Child-related employment screening
is required to assess whether a potential employee or volunteer could pose a risk to the safety of children, while working for an organisation offering these services:
- child and family welfare
- sporting or recreational
- religious or spiritual instruction
- child care and child protection
Conducting child-related employment screening
Screening can be done by an authorised screening unit, such as the DHS Screening Unit, or organisations can undertake their own criminal history assessments.
Information assessed as part of a child-related employment screening
The range of information that is assessed includes:
- a national criminal history check
- information from South Australian government databases, such as SA child protection records from Families SA (Department of Education and Child Development) and Care Concern investigations (by DHS or DECD) into the welfare of children in foster or state care
- publicly available information from professional registration bodies relating to persons disciplined or precluded from working with children or vulnerable people
- information from South Australian police, courts, and prosecuting authorities including information about charges for offences alleged to have been committed (regardless of the outcome of those charges)
- expanded criminal history information from other Australian police jurisdictions, and
- any declarations made by the applicant in response to questions in the 'declaration' section of their screening application form.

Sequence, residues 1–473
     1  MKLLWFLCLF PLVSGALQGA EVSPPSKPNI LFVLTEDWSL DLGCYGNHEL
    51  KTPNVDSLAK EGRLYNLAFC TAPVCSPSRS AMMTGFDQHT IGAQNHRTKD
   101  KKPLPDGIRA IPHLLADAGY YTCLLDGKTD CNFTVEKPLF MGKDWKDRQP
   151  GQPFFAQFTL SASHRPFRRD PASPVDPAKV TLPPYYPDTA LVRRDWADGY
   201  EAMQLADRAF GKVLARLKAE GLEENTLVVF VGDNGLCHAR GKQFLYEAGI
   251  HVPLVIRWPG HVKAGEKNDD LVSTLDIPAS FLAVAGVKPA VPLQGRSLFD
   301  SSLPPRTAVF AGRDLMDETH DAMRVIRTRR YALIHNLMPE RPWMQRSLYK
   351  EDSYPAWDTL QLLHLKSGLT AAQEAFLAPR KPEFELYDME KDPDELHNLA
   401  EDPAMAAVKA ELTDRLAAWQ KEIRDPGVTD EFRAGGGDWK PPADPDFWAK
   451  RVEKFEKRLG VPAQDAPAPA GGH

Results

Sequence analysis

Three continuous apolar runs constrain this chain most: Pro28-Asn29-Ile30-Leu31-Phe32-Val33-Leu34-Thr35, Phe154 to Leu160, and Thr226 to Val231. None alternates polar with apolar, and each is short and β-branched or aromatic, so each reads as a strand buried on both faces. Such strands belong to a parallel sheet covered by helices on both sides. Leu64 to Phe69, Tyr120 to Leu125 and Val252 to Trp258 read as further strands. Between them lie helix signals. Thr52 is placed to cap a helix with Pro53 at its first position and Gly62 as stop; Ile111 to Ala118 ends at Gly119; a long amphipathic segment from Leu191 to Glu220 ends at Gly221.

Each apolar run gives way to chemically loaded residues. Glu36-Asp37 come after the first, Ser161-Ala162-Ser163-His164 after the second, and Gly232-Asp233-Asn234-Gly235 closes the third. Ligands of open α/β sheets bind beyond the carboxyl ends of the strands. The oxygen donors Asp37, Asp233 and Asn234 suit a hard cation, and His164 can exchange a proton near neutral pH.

In some cases, information from professional accreditation bodies regarding people disciplined and/or precluded from working with children or vulnerable adults will be taken into account.
Factors considered in the assessment
The following factors are considered during the assessment process for child-related employment screening:
- the nature of and circumstances surrounding the offence
- the presence of a pattern of offending (if any)
- time elapsed since the offence was committed
- severity of a court-imposed penalty
- the age and vulnerability of the victim
- the relationship to the victim and age difference
- applicant's own age at the time of the offence
- whether a child played a part in committing the offence (either directly or indirectly)
- relevance of the offence to the role of the applicant
- the applicant's conduct since the time of the offence.
It is unlikely that an applicant will be considered suitable for employment or volunteering if they are convicted of:
- sexual assault
- an offence involving child pornography, child prostitution or child abuse, for example, criminal neglect.